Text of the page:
Comic-Con Museum Celebrates 60 Years of Spider-Man With New Exhibit


Marvel Entertainment’s Spider-Man has been outwitting supervillains and captivating audiences for six decades. Now, the webcrawling hero is the subject of an extensive multimedia exhibit at San Diego’s new Balboa Park Comic-Con Museum, which opens July 1, 2022, just in time for San Diego Comic-Con later in the year. month.

Spider Man: Beyond Incredible — The Exhibition was developed by Semmel Exhibitions and Marvel Entertainment, presented by special agreement with the Comic-Con Museum and Comic-Con International. The show features thousands of unique artifacts from Spider-Man comics, movies, animation, toys, video games, and merchandise from the 1960s to the present day, as well as cutting-edge digital and immersive experiences. Many pieces are on loan from private collections and are cumulatively valued in the tens of millions of dollars, especially in today’s booming comic book and collectibles market.


The exhibit was co-curated by Dr. Ben Saunders, director of comics studies at the University of Oregon, and Patrick A. Reed, pop culture historian and events and exhibits professional. Saunders, who is also the publisher of the all-new Marvel Penguin Classics, previously hosted the Marvel: the universe of superheroes exhibition launched in 2018 and still on tour.

Reed says the exhibit strives to create a “step-by-step celebration of 60 years of arguably the world’s most iconic and recognizable superhero across all media.” The show takes a chronological approach to history, with each room dedicated to a decade of artwork, animation cels, artifacts and information.


Saunders says the team paid special attention to reproducing the artwork, both digitally and mechanically, to create the original mood of the material, right down to the dots Ben Day used to create color effects in cheap print comics from the 60s and 70s. “We want people to be able to experience this piece of culture as it was experienced at the time of release,” he said.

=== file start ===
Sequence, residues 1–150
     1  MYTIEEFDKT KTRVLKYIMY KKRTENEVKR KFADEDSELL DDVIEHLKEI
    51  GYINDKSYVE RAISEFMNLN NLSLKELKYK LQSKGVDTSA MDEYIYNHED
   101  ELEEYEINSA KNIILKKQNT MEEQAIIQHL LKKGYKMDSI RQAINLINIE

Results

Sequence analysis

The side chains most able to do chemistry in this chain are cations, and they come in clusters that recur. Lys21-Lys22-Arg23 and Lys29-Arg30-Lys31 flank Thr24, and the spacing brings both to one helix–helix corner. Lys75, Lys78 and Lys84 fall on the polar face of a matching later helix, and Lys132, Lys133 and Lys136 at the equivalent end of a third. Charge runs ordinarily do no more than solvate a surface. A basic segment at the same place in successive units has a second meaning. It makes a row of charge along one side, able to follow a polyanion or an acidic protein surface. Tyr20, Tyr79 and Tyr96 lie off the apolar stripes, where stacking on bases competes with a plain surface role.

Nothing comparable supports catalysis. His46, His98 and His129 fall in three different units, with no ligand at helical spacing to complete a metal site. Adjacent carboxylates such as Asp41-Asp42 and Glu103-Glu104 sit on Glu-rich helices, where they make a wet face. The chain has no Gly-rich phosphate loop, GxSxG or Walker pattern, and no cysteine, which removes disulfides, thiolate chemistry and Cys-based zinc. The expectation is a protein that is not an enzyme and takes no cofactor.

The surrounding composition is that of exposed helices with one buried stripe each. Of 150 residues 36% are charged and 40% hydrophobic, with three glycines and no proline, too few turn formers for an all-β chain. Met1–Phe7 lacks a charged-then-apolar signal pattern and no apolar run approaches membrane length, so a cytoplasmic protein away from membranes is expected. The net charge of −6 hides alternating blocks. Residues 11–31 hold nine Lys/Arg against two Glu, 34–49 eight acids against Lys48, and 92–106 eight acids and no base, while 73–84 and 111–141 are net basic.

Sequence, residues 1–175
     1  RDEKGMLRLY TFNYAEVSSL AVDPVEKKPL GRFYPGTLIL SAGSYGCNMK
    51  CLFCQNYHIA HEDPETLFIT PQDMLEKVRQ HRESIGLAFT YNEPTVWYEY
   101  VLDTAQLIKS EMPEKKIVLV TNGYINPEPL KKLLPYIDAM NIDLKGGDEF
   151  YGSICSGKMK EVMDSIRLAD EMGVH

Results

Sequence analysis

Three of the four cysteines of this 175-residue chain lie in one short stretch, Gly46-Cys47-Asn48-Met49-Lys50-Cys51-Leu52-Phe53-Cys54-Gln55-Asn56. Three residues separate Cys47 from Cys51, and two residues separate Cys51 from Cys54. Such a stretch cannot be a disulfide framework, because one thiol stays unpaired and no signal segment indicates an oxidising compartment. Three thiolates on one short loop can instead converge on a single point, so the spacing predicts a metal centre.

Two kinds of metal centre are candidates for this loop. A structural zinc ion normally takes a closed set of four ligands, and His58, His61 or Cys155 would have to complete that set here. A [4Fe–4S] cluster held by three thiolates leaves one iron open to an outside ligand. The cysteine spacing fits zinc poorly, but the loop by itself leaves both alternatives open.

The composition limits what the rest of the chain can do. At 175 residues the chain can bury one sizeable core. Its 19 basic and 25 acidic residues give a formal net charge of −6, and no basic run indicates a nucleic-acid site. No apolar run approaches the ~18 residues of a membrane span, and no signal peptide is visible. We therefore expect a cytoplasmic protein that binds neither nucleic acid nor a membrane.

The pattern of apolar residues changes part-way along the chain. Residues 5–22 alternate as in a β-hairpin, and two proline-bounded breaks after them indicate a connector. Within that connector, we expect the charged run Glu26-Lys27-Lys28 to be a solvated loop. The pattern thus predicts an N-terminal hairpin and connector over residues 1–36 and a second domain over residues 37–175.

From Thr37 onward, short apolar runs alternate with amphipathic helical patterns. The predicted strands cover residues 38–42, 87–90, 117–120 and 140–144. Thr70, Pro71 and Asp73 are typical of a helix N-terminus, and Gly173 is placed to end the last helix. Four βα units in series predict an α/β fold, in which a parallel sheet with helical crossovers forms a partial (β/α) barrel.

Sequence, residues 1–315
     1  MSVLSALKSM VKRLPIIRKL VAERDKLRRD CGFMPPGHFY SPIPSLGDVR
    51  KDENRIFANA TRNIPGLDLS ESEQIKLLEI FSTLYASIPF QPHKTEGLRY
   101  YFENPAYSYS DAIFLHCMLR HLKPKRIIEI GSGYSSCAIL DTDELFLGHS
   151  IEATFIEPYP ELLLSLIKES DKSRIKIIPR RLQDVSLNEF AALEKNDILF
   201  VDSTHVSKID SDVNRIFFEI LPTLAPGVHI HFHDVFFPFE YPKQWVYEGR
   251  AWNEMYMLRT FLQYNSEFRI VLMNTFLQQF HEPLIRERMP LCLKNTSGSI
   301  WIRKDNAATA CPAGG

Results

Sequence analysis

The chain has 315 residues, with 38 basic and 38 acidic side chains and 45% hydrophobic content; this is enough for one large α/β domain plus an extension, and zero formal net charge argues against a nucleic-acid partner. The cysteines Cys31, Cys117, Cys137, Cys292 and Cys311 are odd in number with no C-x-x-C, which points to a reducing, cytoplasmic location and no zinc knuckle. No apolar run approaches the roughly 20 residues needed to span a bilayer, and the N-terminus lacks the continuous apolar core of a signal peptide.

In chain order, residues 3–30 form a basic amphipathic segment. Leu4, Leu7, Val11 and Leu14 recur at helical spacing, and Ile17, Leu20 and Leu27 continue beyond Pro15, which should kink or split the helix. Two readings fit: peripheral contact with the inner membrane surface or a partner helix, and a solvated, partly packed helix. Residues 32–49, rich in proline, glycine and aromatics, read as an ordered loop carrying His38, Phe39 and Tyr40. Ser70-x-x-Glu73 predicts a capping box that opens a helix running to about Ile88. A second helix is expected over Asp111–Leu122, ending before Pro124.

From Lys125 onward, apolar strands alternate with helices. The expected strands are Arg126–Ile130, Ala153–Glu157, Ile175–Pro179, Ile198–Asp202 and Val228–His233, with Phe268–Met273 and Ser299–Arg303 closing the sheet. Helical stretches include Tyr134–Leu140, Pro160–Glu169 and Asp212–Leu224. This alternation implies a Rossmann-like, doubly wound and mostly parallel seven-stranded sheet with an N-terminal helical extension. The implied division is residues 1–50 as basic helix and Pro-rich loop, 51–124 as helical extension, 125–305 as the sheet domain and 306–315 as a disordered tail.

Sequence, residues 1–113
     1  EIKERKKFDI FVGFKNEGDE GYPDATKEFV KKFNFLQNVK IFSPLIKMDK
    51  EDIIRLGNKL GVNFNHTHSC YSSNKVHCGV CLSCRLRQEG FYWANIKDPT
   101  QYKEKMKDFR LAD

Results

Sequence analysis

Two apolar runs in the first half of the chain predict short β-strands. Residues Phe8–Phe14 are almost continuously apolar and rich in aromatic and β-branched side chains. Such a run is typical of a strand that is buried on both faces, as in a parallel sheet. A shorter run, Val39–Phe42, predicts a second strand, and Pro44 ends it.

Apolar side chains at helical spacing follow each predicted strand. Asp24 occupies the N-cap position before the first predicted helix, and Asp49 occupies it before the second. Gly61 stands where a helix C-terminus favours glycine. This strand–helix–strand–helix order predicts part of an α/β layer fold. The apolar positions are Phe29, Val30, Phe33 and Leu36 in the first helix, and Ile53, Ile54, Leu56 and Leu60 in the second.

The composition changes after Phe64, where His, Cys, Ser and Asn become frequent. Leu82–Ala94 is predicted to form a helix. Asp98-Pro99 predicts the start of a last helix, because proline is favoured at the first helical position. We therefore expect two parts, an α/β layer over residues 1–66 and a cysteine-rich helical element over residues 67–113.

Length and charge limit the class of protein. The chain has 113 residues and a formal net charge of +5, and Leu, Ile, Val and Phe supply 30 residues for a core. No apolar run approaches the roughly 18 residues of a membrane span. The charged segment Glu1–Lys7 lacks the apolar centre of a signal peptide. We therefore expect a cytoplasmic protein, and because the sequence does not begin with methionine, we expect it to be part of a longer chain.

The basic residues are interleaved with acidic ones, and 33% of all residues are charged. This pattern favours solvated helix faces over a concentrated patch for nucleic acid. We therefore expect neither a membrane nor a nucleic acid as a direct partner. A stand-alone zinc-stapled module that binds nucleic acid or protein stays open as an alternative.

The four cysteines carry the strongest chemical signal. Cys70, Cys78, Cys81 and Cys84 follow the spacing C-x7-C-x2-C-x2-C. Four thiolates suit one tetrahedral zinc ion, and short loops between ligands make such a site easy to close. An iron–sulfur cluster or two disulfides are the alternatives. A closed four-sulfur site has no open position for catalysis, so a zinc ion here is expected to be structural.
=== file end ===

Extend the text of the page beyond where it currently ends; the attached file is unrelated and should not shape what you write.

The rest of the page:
According to Reed and Saunders, the exposition takes a three-tiered approach to the character. The first is cultural history, exploring Spider-Man’s ongoing interaction with American society from the 1960s to the present day, including the incorporation of real-life social issues and New York’s geography. Second, the history of character editing, acknowledging pioneers like visual storyteller Steve Ditko and dialogue editor/writer Stan Lee (who is credited with co-creating the character) through to the creators of comic books and other media that reinvented Spidey and his mythos for successive generations. The third aspect covers the character’s internal history, including the evolution of Peter Parker and his expanding cast, including all the different Spider-folk who now inhabit his multiverse.


“We follow this movement of guys working on a typewriter, pencil and Bristol board, starting just with the simplest tools, which ends up being this global franchise with dozens of legacy characters,” Saunders said. . “It’s a story told with objects and artifacts, including original artwork, costumes and props, and an extensive array of digital canvases.”

Reed says the expanded team of designers and professionals took advantage of the Comic-Con Museum’s expansive new space to create massive immersive experiences that combine physical objects and high-resolution digital images, “selfie moments” featuring life-size foam sculptures produced by Gentle Giant, and other state-of-the-art features.

The self-guided exhibit can be enjoyed in 45 to 60 minutes, Saunders says, but highly engaged visitors could spend hours consuming the voluminous notes and unpacking dense montages of images stitched together from every stage of Spider-Man’s career. .


The exhibit is one of the highest-profile events yet for the Comic-Con Museum, which officially opened last November. The museum is owned and operated by the same organization that hosts San Diego Comic-Con, which will make its full-scale return on July 20 after a two-year hiatus. Organizers expect at least some of the more than 160,000 Comic-Con attendees to head to Balboa Park to check out the new show as well as some of the other exhibits going on at the museum, including a history of Pac- Man and a spotlight on Rocket creator Dave Stevens.

The Comic-Con Museum is open daily from 10 a.m. to 6 p.m., with last admission at 5 p.m. Standard admission, including “Spider-Man: Beyond Amazing – The Exhibition” (adults 18 and over) is $30; children (ages 4-12) are $18; seniors (65+), students (13-17), and military are $24; and group packages for 10 or more are $25 per ticket. Tickets can be purchased in advance through Fever:



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